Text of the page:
forte

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forte

Post by Archived Topic » Sun Dec 05, 2004 4:22 pm

I know someone asked this question in 1998, but the answer
was incorrect, they said the word was from Italian so
for-tae would be correct, but the word came to english
from the French, from Latin fortis meaning strong.
I was taught for-tae ,but I hear it as fort more often.
What is correct, if there is a corrct!!!!
Submitted by Gary Wallington (Akolele - Australia)
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forte

Post by Archived Reply » Sun Dec 05, 2004 4:37 pm

Gary, I never realized that there was any controversy and have always heard it and pronounced it as ‘FOR tay,’ the same way that the musical instruction is pronounced. However, you learn something new every day. At the risk of being accused of promoting a U.S., imperialist, chauvinist pig conspiracy, I’ll quote from “Garner’s Modern American Usage”:

FORTE: (= a person’s strong point) has long thought to be preferably pronounced with one syllable, like ‘fort.’ That’s because the word is originally French (in which ‘fort’ means ‘strong,’ corruptly made with a feminine ‘-e’ suffix) and is so pronounced. But most speakers of American English use the two-syllable version (FOR tay), probably under the influence of the Italian ‘forte,’ a two-syllable word referring to a musical notation to play loudly. Though it might have been nice to keep the two word separate in pronunciation, that hasn’t happened—and the two-syllable version can no longer be condemned. What can be condemned is the pretentious pronunciation ‘for TAY’ and the occasional use of an acute accent on the ‘-e.’
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I also like Merriam-Webster’s take, which points out that even the supposedly ‘purer’ French version is not quite right.”

FORTE: In ‘forte’ we have a word derived from French that in its "strong point" sense has no entirely satisfactory pronunciation. Usage writers have denigrated 'for-"tA and 'for-tE because they reflect the influence of the Italian-derived ‘forte’ [2 syllables]. Their recommended pronunciation 'fort, however, does not exactly reflect French either: the French would write the word ‘le fort’ and would rhyme it with English ‘for.’ So you can take your choice, knowing that someone somewhere will dislike whichever variant you choose. All are standard, however. In British English 'fo-"tA and 'fot predominate; 'for-"tA and for-'tA are probably the most frequent pronunciations in American English.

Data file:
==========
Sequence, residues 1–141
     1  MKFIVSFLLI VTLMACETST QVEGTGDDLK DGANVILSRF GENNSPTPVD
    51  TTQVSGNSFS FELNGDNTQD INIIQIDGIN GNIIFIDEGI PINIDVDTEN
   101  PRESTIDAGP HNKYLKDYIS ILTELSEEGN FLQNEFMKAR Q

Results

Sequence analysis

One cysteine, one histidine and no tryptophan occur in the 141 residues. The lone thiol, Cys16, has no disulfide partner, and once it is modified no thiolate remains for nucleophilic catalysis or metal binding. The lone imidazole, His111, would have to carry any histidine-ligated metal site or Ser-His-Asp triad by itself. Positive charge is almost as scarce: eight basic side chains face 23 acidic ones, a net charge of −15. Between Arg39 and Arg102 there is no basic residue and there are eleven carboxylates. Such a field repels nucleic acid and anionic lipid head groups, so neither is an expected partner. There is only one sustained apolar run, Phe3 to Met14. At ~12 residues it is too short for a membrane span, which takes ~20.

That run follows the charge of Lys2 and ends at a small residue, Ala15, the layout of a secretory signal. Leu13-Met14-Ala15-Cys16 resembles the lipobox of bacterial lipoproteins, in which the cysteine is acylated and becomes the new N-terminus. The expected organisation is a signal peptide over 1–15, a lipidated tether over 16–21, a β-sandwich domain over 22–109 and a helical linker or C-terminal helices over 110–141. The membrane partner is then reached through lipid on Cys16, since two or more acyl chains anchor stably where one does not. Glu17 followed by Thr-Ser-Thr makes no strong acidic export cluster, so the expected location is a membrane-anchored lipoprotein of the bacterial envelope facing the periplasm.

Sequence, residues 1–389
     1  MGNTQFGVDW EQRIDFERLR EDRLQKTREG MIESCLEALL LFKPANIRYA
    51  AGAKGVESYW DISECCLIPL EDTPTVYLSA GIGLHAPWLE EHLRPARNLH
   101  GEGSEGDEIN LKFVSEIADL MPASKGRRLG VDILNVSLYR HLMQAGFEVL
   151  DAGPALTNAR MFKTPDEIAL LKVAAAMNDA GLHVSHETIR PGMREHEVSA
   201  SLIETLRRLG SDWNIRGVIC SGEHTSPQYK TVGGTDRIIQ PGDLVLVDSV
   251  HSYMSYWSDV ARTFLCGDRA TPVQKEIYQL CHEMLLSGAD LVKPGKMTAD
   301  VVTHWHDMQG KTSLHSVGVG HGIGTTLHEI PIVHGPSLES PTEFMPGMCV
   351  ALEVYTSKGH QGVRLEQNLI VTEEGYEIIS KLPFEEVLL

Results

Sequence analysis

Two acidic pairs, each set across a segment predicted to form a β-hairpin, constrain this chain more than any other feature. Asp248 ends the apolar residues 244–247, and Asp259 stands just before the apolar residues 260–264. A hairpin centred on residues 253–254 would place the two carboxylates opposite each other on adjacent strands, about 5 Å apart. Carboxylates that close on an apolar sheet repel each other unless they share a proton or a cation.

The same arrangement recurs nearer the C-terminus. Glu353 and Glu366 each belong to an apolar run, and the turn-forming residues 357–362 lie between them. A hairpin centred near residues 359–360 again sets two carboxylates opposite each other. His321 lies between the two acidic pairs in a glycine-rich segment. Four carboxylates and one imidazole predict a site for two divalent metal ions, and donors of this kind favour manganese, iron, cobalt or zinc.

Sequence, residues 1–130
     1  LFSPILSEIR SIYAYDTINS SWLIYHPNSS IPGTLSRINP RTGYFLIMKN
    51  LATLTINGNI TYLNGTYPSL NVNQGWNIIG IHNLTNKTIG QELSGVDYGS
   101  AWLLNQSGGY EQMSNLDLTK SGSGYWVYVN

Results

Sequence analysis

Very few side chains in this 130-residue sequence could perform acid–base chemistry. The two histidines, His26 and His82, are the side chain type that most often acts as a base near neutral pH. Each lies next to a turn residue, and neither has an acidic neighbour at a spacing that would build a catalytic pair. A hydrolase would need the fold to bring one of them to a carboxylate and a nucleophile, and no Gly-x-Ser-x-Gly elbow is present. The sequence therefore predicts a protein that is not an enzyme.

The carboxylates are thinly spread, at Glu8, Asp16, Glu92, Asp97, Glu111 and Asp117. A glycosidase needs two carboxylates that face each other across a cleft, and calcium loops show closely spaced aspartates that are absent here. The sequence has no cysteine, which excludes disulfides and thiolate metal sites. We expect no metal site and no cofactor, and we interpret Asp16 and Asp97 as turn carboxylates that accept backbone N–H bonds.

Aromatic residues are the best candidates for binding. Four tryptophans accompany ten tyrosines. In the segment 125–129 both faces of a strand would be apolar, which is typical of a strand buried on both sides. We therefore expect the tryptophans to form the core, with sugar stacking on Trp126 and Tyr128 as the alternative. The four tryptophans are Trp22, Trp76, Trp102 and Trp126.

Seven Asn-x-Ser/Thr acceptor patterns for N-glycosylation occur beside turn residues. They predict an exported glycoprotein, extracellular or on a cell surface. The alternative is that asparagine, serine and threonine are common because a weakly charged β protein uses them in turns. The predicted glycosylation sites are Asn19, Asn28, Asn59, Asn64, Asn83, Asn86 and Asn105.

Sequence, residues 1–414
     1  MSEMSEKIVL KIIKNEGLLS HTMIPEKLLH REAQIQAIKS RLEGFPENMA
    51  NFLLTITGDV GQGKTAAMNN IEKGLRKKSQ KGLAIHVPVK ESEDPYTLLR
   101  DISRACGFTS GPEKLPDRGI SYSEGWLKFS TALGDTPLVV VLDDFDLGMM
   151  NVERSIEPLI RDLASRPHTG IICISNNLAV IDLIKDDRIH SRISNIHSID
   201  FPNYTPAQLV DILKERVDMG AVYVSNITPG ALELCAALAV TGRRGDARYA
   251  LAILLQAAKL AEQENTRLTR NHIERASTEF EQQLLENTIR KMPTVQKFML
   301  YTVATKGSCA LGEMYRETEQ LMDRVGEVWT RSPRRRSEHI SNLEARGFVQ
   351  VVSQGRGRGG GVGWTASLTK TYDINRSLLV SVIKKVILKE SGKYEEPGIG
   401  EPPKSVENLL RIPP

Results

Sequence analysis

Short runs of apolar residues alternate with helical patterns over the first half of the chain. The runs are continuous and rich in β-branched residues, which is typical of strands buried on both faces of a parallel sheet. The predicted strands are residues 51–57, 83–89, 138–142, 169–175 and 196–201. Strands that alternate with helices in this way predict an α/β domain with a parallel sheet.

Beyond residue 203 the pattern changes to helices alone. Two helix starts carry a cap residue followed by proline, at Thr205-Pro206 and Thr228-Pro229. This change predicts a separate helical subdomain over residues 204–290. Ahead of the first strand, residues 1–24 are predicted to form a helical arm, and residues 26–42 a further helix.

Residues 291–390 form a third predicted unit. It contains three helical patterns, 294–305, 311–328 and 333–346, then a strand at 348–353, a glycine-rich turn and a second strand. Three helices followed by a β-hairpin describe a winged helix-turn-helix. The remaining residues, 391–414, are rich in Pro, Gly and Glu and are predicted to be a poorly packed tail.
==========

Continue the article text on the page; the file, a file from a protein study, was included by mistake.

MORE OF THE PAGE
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Ken G – November 17, 2004
Reply from Ken Greenwald (Fort Collins, CO - U.S.A.)
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Post by Archived Reply » Sun Dec 05, 2004 4:51 pm

Gary .. not sure just where Akolele is in Aus .. I did look in my atlas .. but I can say that I have always heard the word pronounced as "fortay" in relation to it meaning what someone does particularly well .. however in Aus, and maybe in other countries, we have a series of strong pain killers that are designated by the word "forte" being added .. as in "Panadein-forte" .. in this case it is pronounced as "fort" .. does that make it clearer ??
WoZ of Aus 19/11/04
Reply from Wizard of Oz (Newcastle - Australia)
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Post by Archived Reply » Sun Dec 05, 2004 5:05 pm

Thank you Ken and WoZ
That makes it as clear as mud, so I'll stick with for-tA,
no matter what the news readers say.
WoZ
Akolele might not be on your atlas, it is not a town or village just 3 streets on the side of Wallaga Lake, my back yard goes right down to the lake. It's about 9 km north of Bermagui.
http://www.sapphirecoast.com.au/bermagui.htm
Reply from Gary Wallington (Akolele - Australia)
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Post by Archived Reply » Sun Dec 05, 2004 5:20 pm

.. got it mate .. my cousins lived down that way .. Steve and Gab were at Dalmeny and Bill had a retaurant in Narooma .. must be hard to take living thast close to the lake and never knowing if you are going to get flooded .. yeah right you poor bastard .. *grin* .. and BTW if you heard a newsreader say "fort" you can rely on it being incorrect ..
WoZ of Aus 20/11/04
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Post by Ken Greenwald » Wed Jan 12, 2005 5:39 am

Also see posting 'mispronunciation of French.'
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